Thursday, May 6, 2010

Hail Progressive Political Pornography!

Octobriana is a fictional character, a comic superheroine originated from literary hoax made up by Czech artist Petr Sadecký. According to the 1971 book Octobriana and the Russian Underground by Peter Sadecký, Octobriana was created in the 1960’s by a group of dissident Russian artists calling themselves Progressive Political Pornography (PPP). Actually the story given by Sadecky was untrue and Octobriana was, in fact, his own invention.

In Octobriana and the Russian Underground, Sadecký describes the PPP, as a loose group of cells, not only in Russia, but throughout the Soviet Union. This group, Sadecký wrote, started around 1957, after the Twentieth Congress in 1956. At first they called themselves Progressivnaya Politika (Progressive Politics) and tried to go back to the pure principles of The White Russian people and their Scandinavian roots; the Swedish Rus' Vikings. Later they put together samizdat comics about the superheroine Octobriana. One of the stories was: "The living sphinx of the Kamchatka radioactive volcano 1934" in which she swims into a radioactive volcano and kills a giant walrus with her kris. Afterwards she brings the tribesmen of the Koryaks home with a giant flying ball. Another story was titled: "Octobriana and the Atomic Suns"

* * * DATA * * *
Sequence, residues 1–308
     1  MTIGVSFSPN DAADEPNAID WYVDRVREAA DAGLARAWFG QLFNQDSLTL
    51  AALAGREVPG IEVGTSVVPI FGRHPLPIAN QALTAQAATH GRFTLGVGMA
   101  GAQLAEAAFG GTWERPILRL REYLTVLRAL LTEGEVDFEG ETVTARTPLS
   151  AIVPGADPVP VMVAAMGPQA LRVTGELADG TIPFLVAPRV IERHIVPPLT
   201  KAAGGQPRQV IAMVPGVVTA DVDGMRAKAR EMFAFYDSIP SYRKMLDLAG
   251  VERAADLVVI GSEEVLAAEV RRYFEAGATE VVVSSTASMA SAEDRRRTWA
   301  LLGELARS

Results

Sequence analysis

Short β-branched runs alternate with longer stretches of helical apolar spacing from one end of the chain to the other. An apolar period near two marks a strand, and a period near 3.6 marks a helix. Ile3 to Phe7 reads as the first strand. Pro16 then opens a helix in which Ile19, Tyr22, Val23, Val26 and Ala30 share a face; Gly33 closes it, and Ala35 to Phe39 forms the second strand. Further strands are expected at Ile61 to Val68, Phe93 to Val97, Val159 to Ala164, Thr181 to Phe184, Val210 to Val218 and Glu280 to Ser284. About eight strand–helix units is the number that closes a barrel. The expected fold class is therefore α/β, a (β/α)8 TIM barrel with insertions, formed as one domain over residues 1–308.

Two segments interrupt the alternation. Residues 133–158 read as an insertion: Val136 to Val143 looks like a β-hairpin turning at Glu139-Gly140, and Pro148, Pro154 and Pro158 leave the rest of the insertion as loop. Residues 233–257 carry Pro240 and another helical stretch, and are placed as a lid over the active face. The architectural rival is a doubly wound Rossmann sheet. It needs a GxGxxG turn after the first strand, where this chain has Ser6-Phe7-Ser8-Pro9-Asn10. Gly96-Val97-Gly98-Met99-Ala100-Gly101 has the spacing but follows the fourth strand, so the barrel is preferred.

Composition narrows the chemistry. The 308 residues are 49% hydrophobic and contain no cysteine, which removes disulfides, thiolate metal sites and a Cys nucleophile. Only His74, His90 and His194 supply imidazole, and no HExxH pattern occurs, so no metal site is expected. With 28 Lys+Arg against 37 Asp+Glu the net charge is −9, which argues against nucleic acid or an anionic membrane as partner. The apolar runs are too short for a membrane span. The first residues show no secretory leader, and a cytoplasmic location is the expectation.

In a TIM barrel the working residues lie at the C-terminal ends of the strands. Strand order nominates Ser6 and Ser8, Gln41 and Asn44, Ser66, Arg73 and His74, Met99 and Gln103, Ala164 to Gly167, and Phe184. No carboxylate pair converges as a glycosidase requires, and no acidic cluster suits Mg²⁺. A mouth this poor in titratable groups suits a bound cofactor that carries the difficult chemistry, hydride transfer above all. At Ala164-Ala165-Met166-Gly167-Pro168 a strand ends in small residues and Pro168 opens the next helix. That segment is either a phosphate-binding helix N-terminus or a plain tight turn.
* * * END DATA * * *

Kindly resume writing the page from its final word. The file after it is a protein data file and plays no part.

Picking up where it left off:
Octobriana was actually Sadecký's own creation. Petr Sadecký, while still in Prague, enlisted the help of two Czech artists, Bohumil Konečný and Zdeněk Burian, in creating a comic centering around the character of "Amazona." Sadecký told the two that he had a buyer interested in the comic, and they worked together on writing and illustrating the Amazona comic. However, Sadecký betrayed his friends by stealing all the artwork and escaping to the West, where, in his efforts to market the Amazona comic, he changed the dialog, drew a red star on the character's forehead, and was successful only after turning Amazona into a fake political statement, "Octobriana: the spirit of the October Revolution." Major inconsistencies in his story, and a frame in his book where Octobriana is referred to as "Amazona" (p. 83), lend credence to this story. In addition, Burian and Konečný sued Sadecký in a West German court, winning the case but never recovering all their stolen artwork. Since Octobriana is still widely thought to be the product of dissident cells within the U.S.S.R., she is not copyrighted, and has appeared in a variety of artistic incarnations.

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